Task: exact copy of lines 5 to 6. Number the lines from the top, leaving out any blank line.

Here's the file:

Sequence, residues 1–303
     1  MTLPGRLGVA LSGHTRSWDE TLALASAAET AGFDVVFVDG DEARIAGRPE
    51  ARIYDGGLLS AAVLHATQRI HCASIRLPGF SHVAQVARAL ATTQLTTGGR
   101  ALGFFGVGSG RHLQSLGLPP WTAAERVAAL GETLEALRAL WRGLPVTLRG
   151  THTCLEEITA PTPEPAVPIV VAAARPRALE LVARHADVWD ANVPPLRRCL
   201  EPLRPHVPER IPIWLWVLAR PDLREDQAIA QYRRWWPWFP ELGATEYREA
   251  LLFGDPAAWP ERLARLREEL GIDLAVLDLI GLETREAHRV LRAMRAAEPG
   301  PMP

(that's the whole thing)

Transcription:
   151  THTCLEEITA PTPEPAVPIV VAAARPRALE LVARHADVWD ANVPPLRRCL
   201  EPLRPHVPER IPIWLWVLAR PDLREDQAIA QYRRWWPWFP ELGATEYREA